Recent cash strength may have discouraged country buyers, since demand was termed weak Tuesday morning. That seemed to undercut nearby CBOT futures as the May contract entered its last hours of trading, and apparently weighed somewhat upon deferred futures as well. Traders probably are not very interested in buying with farmer plantings expected to accelerate greatly this week. July corn dipped 6.5 cents to $6.49/bushel in Tuesday morning activity, while December slid 3.25 cents to $5.36.

In contrast to Tuesday morning corn weakness, the expiring May soybean future surged upward as it approached expiration. Conversely, persistent ideas that the extremely slow pace of corn plantings will eventually force additional Corn Belt acreage into soybeans seemed to weigh upon the deferred contracts. July soybean futures slipped 8.0 cents to $14.1125/bushel just before the lunch hour Tuesday, while July soyoil skidded 0.18 cents to 49.43 cents/pound, and July soybean meal lost $2.6 to $412.5/ton.

The huge global wheat production figure indicated by the USDA on its WASDE report last Friday reportedly continues hanging over the Midwest futures markets. Conversely, the potential for crop problems in other major producing countries, on top of what has already been experienced in the U.S. in recent weeks is providing background support. July CBOT wheat futures edged 2.25 cents higher to $7.12/bushel by midsession Tuesday, while July KCBT wheat rose 0.75 cent to $7.6725, and July MGE futures rose 1.5 to $8.14.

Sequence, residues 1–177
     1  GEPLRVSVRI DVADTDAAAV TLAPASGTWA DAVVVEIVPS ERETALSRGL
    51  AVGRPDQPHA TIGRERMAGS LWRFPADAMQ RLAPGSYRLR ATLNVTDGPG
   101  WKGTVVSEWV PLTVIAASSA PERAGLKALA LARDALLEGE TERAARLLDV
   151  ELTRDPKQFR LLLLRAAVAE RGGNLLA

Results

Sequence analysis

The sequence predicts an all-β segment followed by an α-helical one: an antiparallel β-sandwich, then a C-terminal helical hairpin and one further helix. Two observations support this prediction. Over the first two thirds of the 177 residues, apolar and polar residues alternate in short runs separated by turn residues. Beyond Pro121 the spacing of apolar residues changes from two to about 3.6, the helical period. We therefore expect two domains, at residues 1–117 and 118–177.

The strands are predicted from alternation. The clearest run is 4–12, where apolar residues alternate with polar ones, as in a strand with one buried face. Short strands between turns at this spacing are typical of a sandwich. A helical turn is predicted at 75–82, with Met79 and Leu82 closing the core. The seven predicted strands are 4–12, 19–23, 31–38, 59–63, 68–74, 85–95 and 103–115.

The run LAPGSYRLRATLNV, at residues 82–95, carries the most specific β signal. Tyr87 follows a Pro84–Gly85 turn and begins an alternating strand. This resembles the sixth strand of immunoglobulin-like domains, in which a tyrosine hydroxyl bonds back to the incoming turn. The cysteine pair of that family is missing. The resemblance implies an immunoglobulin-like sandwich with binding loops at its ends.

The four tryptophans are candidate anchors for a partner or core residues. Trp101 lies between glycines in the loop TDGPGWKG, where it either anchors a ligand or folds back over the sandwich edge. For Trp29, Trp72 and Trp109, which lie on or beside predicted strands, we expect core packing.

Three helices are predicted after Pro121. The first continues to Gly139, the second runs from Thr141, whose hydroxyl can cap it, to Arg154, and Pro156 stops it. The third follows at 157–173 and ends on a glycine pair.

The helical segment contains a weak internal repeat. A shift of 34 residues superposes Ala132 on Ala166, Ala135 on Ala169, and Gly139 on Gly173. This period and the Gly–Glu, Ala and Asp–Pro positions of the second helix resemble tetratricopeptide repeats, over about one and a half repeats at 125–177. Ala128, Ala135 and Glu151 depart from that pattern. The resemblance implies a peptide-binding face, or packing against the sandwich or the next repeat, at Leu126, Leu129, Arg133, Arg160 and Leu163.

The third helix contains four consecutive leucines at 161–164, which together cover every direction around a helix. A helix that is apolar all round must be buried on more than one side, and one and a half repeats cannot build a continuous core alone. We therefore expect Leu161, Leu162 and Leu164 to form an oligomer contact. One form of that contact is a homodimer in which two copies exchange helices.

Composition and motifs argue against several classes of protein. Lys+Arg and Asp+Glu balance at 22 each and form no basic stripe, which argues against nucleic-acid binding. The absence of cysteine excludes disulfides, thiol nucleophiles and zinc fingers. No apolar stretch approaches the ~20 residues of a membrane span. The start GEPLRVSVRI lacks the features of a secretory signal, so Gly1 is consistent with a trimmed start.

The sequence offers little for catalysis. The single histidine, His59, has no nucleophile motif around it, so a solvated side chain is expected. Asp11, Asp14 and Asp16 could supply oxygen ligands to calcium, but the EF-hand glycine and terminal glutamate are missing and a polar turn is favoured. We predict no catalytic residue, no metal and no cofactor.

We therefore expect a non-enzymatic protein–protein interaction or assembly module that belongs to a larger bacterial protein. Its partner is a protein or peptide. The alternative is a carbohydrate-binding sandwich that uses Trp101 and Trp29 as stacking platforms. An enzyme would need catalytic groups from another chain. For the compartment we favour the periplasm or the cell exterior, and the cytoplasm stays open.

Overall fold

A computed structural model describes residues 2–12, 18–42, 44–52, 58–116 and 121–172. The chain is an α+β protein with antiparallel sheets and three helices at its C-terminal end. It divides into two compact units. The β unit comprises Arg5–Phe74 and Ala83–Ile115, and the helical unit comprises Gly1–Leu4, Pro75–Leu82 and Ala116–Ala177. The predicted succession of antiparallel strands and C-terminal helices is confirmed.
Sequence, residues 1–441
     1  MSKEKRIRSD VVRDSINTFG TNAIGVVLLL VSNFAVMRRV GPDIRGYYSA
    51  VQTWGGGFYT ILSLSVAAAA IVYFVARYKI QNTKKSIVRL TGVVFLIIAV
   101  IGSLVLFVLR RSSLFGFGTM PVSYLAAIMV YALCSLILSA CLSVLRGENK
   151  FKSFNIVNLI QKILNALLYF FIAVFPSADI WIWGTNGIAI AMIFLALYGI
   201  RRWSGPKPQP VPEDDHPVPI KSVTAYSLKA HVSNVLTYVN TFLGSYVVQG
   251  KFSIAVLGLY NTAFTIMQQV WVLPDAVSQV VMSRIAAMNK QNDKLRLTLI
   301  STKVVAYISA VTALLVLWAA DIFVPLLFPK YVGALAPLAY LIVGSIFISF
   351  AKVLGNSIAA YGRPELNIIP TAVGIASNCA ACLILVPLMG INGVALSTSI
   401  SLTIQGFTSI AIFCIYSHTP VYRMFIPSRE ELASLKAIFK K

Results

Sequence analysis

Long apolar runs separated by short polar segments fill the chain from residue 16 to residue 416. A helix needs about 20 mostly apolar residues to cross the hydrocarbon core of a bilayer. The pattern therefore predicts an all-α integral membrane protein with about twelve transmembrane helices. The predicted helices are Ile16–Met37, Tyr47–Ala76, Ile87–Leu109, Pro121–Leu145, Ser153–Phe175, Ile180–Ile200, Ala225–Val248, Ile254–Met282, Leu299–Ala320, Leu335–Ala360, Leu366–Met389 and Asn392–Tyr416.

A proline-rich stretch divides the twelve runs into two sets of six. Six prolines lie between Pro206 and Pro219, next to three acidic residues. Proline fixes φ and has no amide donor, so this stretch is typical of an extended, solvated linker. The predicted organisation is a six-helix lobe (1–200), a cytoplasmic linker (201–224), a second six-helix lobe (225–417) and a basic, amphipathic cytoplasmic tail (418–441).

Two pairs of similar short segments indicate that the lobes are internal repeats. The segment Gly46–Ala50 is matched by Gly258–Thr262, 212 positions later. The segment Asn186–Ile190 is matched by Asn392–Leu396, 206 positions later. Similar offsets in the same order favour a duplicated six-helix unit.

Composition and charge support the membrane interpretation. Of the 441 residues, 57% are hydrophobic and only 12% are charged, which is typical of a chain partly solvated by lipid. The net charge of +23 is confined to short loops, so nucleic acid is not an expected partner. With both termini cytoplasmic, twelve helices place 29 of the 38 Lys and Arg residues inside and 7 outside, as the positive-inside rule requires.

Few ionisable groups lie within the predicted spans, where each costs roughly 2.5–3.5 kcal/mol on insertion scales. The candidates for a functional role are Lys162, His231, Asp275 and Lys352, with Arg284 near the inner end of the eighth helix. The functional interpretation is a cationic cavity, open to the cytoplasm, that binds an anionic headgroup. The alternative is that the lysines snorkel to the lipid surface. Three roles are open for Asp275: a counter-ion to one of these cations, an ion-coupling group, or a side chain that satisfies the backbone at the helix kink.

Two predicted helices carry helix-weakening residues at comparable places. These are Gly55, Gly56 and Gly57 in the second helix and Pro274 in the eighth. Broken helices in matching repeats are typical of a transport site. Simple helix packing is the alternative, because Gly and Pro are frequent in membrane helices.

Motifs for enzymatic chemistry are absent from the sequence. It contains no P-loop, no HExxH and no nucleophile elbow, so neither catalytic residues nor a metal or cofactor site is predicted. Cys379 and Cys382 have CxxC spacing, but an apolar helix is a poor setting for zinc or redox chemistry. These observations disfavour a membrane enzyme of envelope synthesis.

As indicated by the large discounts built into CME futures, cattle traders rather obviously worry about a major seasonal decline in cash prices during late spring and summer. However, surprisingly strong wholesale prices might do a great deal to mitigate the traditional seasonal decline. That is why Monday afternoon news of beef price firmness seemed to be providing support for the Chicago market Tuesday morning. June cattle climbed 0.25 cents to 120.82 cents/pound in early Tuesday trading, while December slid 0.27 cents to 125.37. Meanwhile, August feeder cattle futures declined 0.27 cents to 145.92 cents/pound, while November edged down 0.22 cents to 151.52.

Hog traders seemingly harbor concerns similar to the pessimism exhibited by the counterparts in the cattle pit, although the discounts in summer swine futures are much smaller than those built into the CME cattle market. Persistent strength in cash hog and/or wholesale pork values could greatly mitigate those worries during the days and weeks just ahead. June hog futures rallied 0.60 cents to 91.52 cents/pound late Tuesday morning, while December futures added 0.22 cents to 77.72.